Art around you | David Mach

Gavin Hastings, b. 1962. Rugby player

Activities for children of all ages to look at, talk about and make their own discoveries about art.

As you explore this resource please keep in mind that there are no wrong answers, or that there is only one way to do the activities - they are all about looking, chatting, making, and exploring art, wherever you are and whatever you have around you.

You know your child best

Some activities may suit you better than others so pick and choose!

Age

We’ve aimed the language at age 7+, but activities can be suitable for any age, just adapt to suit your child.

Timing

How long your child engages with the activity will vary. Depending on their age, the way they’re feeling that day, the immediate appeal of any activity... some will work better than others. Don't worry if they're not feeling it - try again another time, or move on to something else. You might be surprised by what they're interested in.  

Creativity

We hope these suggestions will allow your child to develop their creativity by encouraging their curiosity, open mindedness, problem-solving and imagination.

Art knowledge

You don’t need to know anything about art to have fun with it. Encourage your child to share their ideas, observations and opinions. There’s never a wrong answer about art. And it's ok not to know all the answers. Nobody does. Where would the fun be in that?

Repeat

If something worked, do it again!

Let your child lead

You don’t need to have all the ideas. In fact, if you really want your child to be creative, encouraging them to come up with their own ideas is a brilliant way to help your child be creative and explore their imagination.

Try to enjoy, together

Take a deep breath, you’re doing a brilliant job. Let us know if we can support you - we can't wait to see you in the gallery, as soon as we can.

text-lane

David Mach

Gavin Hastings, b. 1962. Rugby player

This is a portrait of a person being active. Art isn’t always something that stands still. How many ways do you think that we can use our bodies to make art? These activities will start with our eyes and hands; cutting, tearing and rotating shapes into pictures of movement. Then we’ll give our brains a good workout and our mouths a good stretch with some ‘see, think, wonder’ conversation-starter questions. We’ll use our bodies to make shapes and finally, we’ll have a go at turning our toes, toys and even tummies into paintbrushes!

Activity one: Moving images!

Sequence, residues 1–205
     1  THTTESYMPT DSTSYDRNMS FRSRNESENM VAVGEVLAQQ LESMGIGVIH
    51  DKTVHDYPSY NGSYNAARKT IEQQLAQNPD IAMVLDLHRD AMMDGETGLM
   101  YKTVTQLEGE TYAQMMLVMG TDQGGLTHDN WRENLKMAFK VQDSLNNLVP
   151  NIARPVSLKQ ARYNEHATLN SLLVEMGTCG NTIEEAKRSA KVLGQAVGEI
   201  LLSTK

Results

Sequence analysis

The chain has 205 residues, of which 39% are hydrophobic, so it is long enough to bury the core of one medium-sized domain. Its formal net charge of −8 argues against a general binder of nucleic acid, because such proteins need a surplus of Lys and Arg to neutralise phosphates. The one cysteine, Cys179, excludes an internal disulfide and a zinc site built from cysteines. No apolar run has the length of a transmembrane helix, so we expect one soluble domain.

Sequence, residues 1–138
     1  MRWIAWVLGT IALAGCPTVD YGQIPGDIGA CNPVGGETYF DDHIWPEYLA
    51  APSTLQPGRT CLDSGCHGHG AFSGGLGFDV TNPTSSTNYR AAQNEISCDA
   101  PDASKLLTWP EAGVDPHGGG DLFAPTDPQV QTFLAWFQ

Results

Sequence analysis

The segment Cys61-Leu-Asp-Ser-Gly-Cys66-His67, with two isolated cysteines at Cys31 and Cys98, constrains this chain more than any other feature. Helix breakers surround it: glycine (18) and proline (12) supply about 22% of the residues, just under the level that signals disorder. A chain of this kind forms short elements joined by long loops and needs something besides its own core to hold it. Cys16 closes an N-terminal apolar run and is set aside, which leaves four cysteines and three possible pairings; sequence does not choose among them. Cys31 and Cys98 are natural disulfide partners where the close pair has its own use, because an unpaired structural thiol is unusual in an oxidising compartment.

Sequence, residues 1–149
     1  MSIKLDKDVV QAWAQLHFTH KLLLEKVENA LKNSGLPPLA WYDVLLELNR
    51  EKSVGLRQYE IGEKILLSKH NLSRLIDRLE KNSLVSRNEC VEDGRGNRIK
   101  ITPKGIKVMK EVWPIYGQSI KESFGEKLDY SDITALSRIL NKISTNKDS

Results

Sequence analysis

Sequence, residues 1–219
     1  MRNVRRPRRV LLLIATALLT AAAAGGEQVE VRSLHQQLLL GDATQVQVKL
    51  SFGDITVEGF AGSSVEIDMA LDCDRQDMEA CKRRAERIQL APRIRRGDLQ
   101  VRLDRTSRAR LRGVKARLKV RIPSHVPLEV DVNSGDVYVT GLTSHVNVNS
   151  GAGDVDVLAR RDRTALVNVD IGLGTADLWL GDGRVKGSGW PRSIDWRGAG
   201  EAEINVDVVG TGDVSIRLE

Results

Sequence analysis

The pieces that make up this artwork moved around a lot before they were stuck down. Moving all the pieces around when you’re making a collage helps you look at your artwork a-fresh and see it differently – and might help you make some creative decisions that you hadn't first thought of.. 

Can you find a picture of someone in a magazine or newspaper (or draw one yourself!), cut it up, and put it back together, so that it looks like it’s moving? 

  • Why not try cutting in squiggles, as well as straight lines?  
  • What if you try it with all the pieces close together? 
  • How about with some of the pieces far apart?  
  • Can you make it look like they are doing something different, just by moving the pieces?  

Don’t be afraid to make it a little messy. Often that looks more interesting – and gives your artwork a bit more movement! Have fun experimenting. 

Activity two: See, Think, Wonder

Have another look at image. Look closely, and don’t rush.  

  • What might this person be doing? How can you tell? 
  • Are they moving, or are they standing still?  
  • How has the artist showed you whether they are moving or standing still?    
  • If someone made a portrait of you, what would you like to be doing in it?  
  • If you could ask the artist AND the person in the portrait a question, what would you ask them?  
David Mach Gavin Hastings, b. 1962. Rugby player 1996 © David Mach

Activity three: Move, together 

Have you ever thought that shapes can also be made with our bodies? Art doesn’t just have to happen on paper. We can make shapes by how we move around.  
 
With your family go to a park or field, or somewhere where there is a bit of space.

Here are some shapes. Pick one shape together.  

  • Can you make this shape with your body?  
  • What is the biggest you can make this shape? 
  • What is the smallest? 
  • What if you all team up?  
  • Is there an action that looks like this shape?  

 
Now you can try another shape (or all of them!) - and then make up your own! 

Activity four: Watch  

Watch Ben tell us a tale about animals making their own moves - and a giant lazy frog who doesn’t like being active, at all! 

Activity five: for under fives!

Here’s two fun movement art activities. These are great for any wrigglers, and jigglers, and wee ones who don’t like to sit still! The clean activity is fun at any time – and the messy one is great if the sun comes out and you’re in the mood for creating a big mark-making mess, together! Have the hose at the ready! 

Clean: vrrrooooom-ovements 

  • Tape felt-tip pens to any of your wee ones’ toys that move 
  • Tape down paper - or cardboard boxes/ packaging from the recycling 
  • Let the mark-making vroooming commence! 
  • For extra fun, you could add a soundtrack. See if your child’s marks speed up or slow down with different tempos of music! 

Messy: It's a wrap!

  • Tape bubble-wrap or clingfilm loosely to you and your wee one's feet, or wrap it around their tummy  
  • Tape/fix paper to an outside wall, or lay it on the grass  
  • Step into and encourage them to brush on different colours of washable paint - being mindful not to add too much paint. You don’t want it to become slippy! 
  • Have fun rolling, mixing, stomping, tip-toing, dancing... putting your moves onto paper!